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10 Years in California

redwoodsWhen I was a little girl in Massachusetts, I often played in the woods with my neighborhood friends, climbing over moss-covered stones in the cool, damp understory to collect earthy trinkets and play adventure games. The boys loved whooping and hollering among the trees, taking refuge in the dim light when the hot summer sun had been beating on our backs all afternoon.

But I was always anxious to clamor back into the light.

My favorite spot was in The Field, 99 acres of wide open spaces and rolling hills across the street from my house. I’d climb to the crest of the highest peak and look out over the town, watching the sun set behind a purple-tinted Mt. Wachusett. There, I was content. There, I was free.

In New York City, I was back in the woods. Adventure happened left and right among the tall skyscrapers that blocked out the sun. It was a glorious nine years in the prime of my young life, full of possibility, full of energy, full of culture, full of people—but I was never quite content.

Exactly 10 years ago today, I moved to California “temporarily.” I leased a small bedroom from near strangers (who have now become two of my best friends). My goal was to work on my dance books while establishing myself as a freelance writer who could tackle more mainstream topics—and I did so by working as a stringer for a few local newspapers.

Of course, I didn’t need to move to the west coast to do that. But I fell in love with a man from California and I figured it couldn’t hurt to experience his world for a little while before we settled back down in the east.

Ten years later, that temporary arrangement has become decidedly permanent. I knew very shortly after I met Alex that I loved him. And I knew very shortly after I came to California—with its wide open spaces and rolling hills and endless ocean views stretching beyond the horizon, and bare, numerous mountains that look like the scruff of a Shar-Pei—that I loved it here too.

beachIt didn’t hurt that my first few years of living in California were in the quaint and dreamy seaside town of Monterey, where I lunched on calamari and clam chowder while listening to sea lions bark their orders (instead of bosses). Big Sur was just a hop, skip, and a treacherously winding cliffside drive away. I strolled though local art galleries in Carmel, watched surfers compete for wave space with the whales in Santa Cruz, took a mud bath in the hot springs outside of Yosemite, and sipped wine in caves, farmhouse wineries, hilltop vineyards, barrel rooms, and cellars from Paso Robles to Napa Valley.

I toured castles, huffed and puffed my way up steep city sidewalks, got drunk at an aquarium and spoke in a Jamaican accent to a sunfish, went to grad school, bought a home, had a baby, bought a second home, got lost in a corn maze, adopted a kitten, hiked across freezing creeks, up redwood-strewn trails, and down into hidden beach coves. I made friends, lost friends, lost babies, and gained a whole new family.

Now I live in Gilroy and work in Silicon Valley, where I’m challenged every day but I’m not burning out, and my future is full of wide open spaces and rolling hills, where I walk hand-in-hand with my husband and son in a place where I’m content, a place where I’m free, a place in the light.

A place I now, 10 years later, can finally call home.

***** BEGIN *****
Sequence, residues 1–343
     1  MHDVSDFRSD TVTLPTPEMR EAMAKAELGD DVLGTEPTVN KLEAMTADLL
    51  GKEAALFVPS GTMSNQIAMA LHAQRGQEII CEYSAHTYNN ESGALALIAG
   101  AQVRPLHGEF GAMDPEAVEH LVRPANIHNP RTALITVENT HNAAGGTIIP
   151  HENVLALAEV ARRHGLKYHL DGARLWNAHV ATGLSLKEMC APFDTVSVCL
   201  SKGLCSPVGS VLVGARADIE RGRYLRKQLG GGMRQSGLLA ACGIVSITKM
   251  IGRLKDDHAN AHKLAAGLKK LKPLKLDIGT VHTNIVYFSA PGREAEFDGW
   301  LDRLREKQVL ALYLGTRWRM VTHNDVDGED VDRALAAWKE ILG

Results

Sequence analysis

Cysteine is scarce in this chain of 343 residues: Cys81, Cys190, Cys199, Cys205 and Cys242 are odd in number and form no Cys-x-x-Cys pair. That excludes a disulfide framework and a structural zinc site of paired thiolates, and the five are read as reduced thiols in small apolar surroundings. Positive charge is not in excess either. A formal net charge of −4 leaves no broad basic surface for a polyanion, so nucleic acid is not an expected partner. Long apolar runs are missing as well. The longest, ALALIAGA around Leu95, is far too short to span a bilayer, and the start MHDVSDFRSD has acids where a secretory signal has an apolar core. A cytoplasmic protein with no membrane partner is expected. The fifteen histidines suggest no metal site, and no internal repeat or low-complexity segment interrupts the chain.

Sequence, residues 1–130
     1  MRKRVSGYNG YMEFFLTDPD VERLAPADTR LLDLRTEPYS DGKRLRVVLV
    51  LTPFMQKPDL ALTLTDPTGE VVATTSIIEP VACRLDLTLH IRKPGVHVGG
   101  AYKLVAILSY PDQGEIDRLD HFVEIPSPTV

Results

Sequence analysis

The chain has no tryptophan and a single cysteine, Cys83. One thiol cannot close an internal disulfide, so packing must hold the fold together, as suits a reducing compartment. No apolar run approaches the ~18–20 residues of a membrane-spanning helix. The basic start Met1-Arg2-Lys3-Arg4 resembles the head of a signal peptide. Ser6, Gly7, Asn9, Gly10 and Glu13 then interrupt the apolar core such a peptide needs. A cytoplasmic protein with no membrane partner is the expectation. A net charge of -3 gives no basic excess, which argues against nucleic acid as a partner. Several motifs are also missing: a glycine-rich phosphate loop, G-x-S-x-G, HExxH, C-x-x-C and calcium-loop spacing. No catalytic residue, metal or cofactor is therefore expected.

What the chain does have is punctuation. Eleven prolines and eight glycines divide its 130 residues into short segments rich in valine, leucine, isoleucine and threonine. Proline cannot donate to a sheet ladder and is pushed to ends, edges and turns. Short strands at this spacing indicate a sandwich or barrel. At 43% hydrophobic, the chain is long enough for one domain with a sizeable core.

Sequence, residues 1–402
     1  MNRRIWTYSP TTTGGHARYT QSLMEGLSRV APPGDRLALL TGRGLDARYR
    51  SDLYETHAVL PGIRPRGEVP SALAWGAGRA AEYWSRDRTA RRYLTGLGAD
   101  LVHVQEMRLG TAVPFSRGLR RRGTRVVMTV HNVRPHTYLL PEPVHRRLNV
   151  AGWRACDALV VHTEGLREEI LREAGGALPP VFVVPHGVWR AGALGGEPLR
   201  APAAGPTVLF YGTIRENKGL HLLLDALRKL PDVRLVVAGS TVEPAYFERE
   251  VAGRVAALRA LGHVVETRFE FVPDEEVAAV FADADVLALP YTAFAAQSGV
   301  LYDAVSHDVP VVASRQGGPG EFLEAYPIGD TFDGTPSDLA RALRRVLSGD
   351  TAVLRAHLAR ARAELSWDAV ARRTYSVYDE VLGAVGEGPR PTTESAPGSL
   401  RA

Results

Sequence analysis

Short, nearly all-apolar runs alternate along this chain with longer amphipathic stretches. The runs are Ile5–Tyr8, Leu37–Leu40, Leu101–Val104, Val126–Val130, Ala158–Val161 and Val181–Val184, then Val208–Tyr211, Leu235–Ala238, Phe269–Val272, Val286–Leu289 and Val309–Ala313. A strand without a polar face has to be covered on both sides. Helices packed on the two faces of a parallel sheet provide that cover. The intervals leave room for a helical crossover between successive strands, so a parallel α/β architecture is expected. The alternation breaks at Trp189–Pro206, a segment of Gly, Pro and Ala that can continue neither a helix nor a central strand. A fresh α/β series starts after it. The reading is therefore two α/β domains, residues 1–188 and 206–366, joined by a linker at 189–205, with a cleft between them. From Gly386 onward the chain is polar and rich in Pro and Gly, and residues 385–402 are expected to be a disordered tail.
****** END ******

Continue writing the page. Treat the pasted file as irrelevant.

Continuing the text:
wide open field

 

An Ode to Fall in New England

This morning when I stepped outside, there was a brisk quality to the air that was not there yesterday. I wore flats with no socks, and as a cool breeze wafted over the tops of my feet, I realized…oh yeah, it’s fall.

Fall in California is fairly unremarkable. The shift from summer is practically imperceptible. It’s a few degrees cooler and you can order pumpkin spice lattes at Starbucks. In late fall we may see some rain. That’s about it.

fall in California
Fall in California looks like…every other day in California.

But fall in New England…Oh! Fall in New England. It’s pure magic. You can actually smell the change of seasons—one day it’s warm honeysuckle, the next, a faint wisp of chestnut and hickory. It begins with one tree timidly showing its colors in early September. By the end of the month, the rest have followed, bursting with brilliant fiery reds, tangerine oranges, and mustard yellows.

fall in new england

The apples in the orchards are ripe and ready for picking. Hay rides, bales of golden delicious, warm apple cider with a dash of cinnamon. A good thick scarf to wrap around your nose, which is just starting to become slightly tender with the cold. Apple pies. Pumpkins. Your mom breaks out the seasonal decor, filling the mantle with gourds and corn varietals and folksy-looking scarecrows.

By mid-October, the yard is littered with fallen leaves that crunch under your feet. As a child, I would rake up a huge pile next to a tree, climb up, and leap into the leaves with total abandon. As I emerged from the pile, now flattened and scattered, I’d giggle as I pulled twigs out of my hair,  racing to rake the leaves into a heap once more.

But soon, all too soon, the coolness turns cold. Cozy light sweaters and pea coats must be traded for multiple layers of bulk; mittens and hats to be worn at all times. The trees become barren, their lonely branches reaching up helplessly into the dimly-lit skies. The ground hardens and becomes unyielding. And then…the endless winter.

I miss fall in New England down to my very own apple core. But I do not miss what follows. So enjoy your bright leaves and hot cocoa with marshmallows now, New Englanders! Because pretty soon, you’ll be looking at this:

winter in new england

While it’ll still be this for me:

fall in California